A few thoughts, in no particular order, on last night's UFC fight card, which featured Ronda Rousey's successful defense of the bantamweight title against Sara McMann and Daniel Cormier knocking out a guy from off the street:
1) The UFC is, in essence, a professional wrestling promotion. Its business strategy—the construction of a cult of personality around a vulgar, authoritarian frontman; the use of mainly disposable talent that has most of the obligations and few of the benefits of employees; the way it's aimed principally at cultish devotees—is derived from the WWE model. Its matchmaking, company higher-ups freely concede in private, is patterned after that of old-school wrestling, oriented more around building up marketable characters than finding out who the best fighters in the various weight classes are. Many of its biggest stars, from Ken Shamrock to Brock Lesnar, have been professional wrestlers. Most significant of all, it sells the exact same fantasy of consequence-free violence.
This, as much as anything else (and there is a lot of anything else), probably explains the public revulsion to the sport. While the UFC promotes itself as a successor to boxing, it's in fact an evolutionary variant of something that is, at its core, a kind of confidence game. Boxing, as ugly and corrupt as it can be, is a sport that involves a great deal of athletic spectacle. Fighting, at least as presently sold, is the precise opposite, a contrived spectacle based mainly on what can be sold to whom that almost incidentally happens to involve a sport.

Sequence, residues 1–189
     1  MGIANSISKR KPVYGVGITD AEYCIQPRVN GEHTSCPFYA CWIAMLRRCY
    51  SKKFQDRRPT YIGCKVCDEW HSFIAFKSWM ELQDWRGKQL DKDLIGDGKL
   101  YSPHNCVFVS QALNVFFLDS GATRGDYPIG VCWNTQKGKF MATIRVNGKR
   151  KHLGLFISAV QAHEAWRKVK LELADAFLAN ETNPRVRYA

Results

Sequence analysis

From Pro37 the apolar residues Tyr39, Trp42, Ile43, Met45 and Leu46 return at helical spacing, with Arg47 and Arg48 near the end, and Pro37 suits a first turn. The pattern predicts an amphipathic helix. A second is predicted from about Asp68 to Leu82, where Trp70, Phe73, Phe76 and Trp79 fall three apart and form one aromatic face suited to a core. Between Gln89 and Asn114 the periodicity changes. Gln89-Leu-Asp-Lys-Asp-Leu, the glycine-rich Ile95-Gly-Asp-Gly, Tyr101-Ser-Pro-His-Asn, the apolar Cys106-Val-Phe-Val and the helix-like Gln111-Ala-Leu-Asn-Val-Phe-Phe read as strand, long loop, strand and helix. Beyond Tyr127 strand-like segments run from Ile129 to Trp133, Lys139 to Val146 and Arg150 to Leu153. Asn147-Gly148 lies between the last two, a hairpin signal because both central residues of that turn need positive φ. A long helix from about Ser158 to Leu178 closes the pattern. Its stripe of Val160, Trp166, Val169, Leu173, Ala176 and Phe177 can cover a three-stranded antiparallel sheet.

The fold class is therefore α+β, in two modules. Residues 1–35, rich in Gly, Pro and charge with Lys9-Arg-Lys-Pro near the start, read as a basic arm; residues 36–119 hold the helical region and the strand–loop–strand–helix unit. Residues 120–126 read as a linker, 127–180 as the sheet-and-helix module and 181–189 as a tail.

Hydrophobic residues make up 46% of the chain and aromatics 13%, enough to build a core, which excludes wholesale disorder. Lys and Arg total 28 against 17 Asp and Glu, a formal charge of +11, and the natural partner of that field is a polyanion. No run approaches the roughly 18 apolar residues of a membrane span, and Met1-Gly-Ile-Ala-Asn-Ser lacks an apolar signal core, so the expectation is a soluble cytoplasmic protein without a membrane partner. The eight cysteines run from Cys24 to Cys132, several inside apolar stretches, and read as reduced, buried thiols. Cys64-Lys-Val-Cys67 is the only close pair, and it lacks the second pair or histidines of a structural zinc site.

2) What makes the UFC worth following despite all of this is that the deceit happens to work in service of an intricate, occasionally beautiful sport that has, as it's grown, drawn in an ever-larger number of world-class athletes. The implicit promise the promotion makes to fans is that in exchange for everything awful—the nü-metal demands to face the pain and step to this, the corrupt and co-opted press, the increasingly thin cards featuring poorly tattooed try-hards and semi-athletes, the disrespect shown even the greatest fighters once they seem to have exhausted their usefulness, and so on—they'll keep the signal separate from the noise and present contests that are, at their best, as compelling as anything any other sport can offer.